Speeding is a particularly common traffic offence in the UK, with tens of thousands of motorists being required to attend court on speeding charges every year.
Many people who receive notification of a speeding charge assume this to be an ‘open and shut’ case, having been caught by detection devices that they believe offer irrefutable proof that they have broken the law. This is categorically not the case as there exist numerous legal and technical grounds on which defences to speeding charges can be conducted. Accessing quality legal advice as soon as possible provides you with much-needed reassurance at a difficult time, and will also help you to plan your defence in the most effective way.
Wilford Smith’s Criminal Defence Solicitors provide legal representation in relation to all types of road traffic offences. By calling on expert evidence, and by referring to procedural and legal documents as well as good practice guides, we are able to provide our clients with the best possible defence in relation to charges of speeding. Our team will work ruthlessly to develop high-level strategies through our skill, hard work and determination. We appreciate that contesting a driving conviction can be a confusing and stressful experience, as for many people this will be their first and only brush with the law. Contact our specialist Road Traffic Defence Team today to find out how we can help.
What is the law on speeding in the UK?
For standard vehicles, the national speed limits in the UK are:
- 30mph in built-up areas (20mph in some areas)
- 60mph on single carriageways
- 70mph (unless otherwise stated) on dual carriageways and motorways
If you are found to be travelling in excess of these speed limits you are breaking the law. Those caught speeding have the right to challenge any speeding accusations made against them and, if you are convicted of a speeding offence, you are entitled to lodge an appeal against your conviction.
Penalties for those caught speeding include a minimum three-point endorsement on your driving licence and, in the most serious cases, a full driving ban. To give yourself the best opportunity to overturn a conviction for speeding you will need to instruct a solicitor who specialises in road traffic offences.
What will happen if I am caught speeding?
The consequences of a speeding conviction will be different depending on the nature of the speeding offence. Those caught travelling marginally above the speed limit will usually receive a more lenient punishment than those who are found to be driving well above the limit – unless the driver in question is a repeat offender. Those charged with serious speeding offences may be subject to court prosecution, requiring them to present at court where they may be disqualified from driving.
As an approximate estimation, it is often suggested that those found to be travelling more than the speed limit by 45-50% run the risk of receiving a ban from driving. A ban may also be issued for those who are at risk of accumulating 12 penalty points or more within a three-year period. In most cases, those caught speeding will receive a Fixed Penalty Notice imposing a fine and three penalty points.
If you are a newly qualified driver you will be subject to a lower penalty points threshold. If you receive six or more penalty points in the first two years after you have passed your test, your licence will be revoked. You will need to re-apply for your provisional licence, and to pass both theory and practical tests again before you can recommence driving.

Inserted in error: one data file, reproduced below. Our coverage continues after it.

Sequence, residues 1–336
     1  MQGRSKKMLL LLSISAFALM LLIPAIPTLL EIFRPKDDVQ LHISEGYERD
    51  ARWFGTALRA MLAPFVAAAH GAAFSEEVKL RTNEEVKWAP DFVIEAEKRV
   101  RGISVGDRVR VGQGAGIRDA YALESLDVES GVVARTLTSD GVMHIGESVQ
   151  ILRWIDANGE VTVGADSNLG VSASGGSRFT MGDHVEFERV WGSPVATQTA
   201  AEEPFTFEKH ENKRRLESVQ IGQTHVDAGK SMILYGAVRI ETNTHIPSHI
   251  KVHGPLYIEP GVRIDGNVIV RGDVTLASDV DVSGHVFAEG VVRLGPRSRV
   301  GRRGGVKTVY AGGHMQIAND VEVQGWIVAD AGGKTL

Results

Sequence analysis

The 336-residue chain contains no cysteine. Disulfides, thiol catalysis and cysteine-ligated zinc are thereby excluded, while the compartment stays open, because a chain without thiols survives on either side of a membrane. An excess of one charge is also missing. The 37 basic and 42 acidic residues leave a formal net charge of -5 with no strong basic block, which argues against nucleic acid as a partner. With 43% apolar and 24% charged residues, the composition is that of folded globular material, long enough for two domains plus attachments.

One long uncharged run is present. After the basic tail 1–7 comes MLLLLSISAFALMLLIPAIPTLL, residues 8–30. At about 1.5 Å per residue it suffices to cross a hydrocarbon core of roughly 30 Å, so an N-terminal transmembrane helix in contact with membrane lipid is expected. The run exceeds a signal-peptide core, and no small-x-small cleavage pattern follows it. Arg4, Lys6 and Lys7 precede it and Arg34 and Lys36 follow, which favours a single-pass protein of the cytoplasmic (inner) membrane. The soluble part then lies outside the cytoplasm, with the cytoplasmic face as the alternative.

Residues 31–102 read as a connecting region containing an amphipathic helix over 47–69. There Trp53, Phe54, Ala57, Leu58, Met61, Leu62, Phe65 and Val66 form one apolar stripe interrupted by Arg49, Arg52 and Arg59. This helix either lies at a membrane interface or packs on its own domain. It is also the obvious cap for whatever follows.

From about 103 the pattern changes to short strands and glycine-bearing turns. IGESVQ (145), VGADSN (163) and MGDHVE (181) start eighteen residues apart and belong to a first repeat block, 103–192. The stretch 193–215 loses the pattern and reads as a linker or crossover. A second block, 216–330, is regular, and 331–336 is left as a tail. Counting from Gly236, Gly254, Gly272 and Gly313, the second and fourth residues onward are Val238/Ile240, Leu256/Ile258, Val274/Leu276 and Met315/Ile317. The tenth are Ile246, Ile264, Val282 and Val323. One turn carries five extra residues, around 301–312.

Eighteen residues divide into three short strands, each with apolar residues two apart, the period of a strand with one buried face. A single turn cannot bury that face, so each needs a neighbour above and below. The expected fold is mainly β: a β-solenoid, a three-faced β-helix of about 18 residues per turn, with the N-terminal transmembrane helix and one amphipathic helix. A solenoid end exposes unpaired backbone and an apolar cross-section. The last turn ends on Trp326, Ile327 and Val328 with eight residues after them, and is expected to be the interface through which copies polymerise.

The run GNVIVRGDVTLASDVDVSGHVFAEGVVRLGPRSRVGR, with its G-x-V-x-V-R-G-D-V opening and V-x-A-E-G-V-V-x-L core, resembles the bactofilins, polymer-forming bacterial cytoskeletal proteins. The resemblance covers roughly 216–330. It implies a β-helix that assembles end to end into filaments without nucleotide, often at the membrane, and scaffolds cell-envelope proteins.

How will I be notified of a speeding fine or prosecution?
In the majority of cases, those caught speeding will receive a Notice of Intended Prosecution by post within 14 days of the alleged offence. You will be required to respond to this notification within 28 days to provide information as to who was driving the vehicle at the time. This will include the name, address, and date of birth.
Once you have responded to the Notice of Intended Prosecution, there will be a period of time before you receive a summons from the court. You will receive a Single Justice Procedure Notice, at which point you should seek to instruct a solicitor with experience in road traffic offences.
Challenging a speeding conviction can be a complicated process and one that may require you to appear at court. As such, it is vitally important to receive the best possible guidance to ensure you are able to conduct as robust a defence as possible. Speeding prosecutions can be defended in a number of ways. Wilford Smith’s expert solicitors will use their skills and experience to scrutinise all evidence put forward by the prosecution to establish the best grounds on which to mount a challenge.
Why choose Wilford Smith?
Our team of high-calibre Criminal Defence Lawyers are specialists in advising and representing drivers who are facing speeding convictions. We are a highly professional yet approachable team that strives to reduce any impact a speeding charge can have on our clients. Our solicitors will carefully analyse the evidence against you and prepare your case to the highest standard.
Contact our Speeding Defence Solicitors in Sheffield and London
If you have received a Notice of Intended Prosecution for a speeding offence contact Wilford Smith as soon as possible. We can help you get back in your vehicles and on the road as quickly as possible. Our criminal defence teams are based in Sheffield and London and assist clients throughout England and Wales. Find out more information on our fees here. Contact us today on 01709 828 044 to find out how we can help.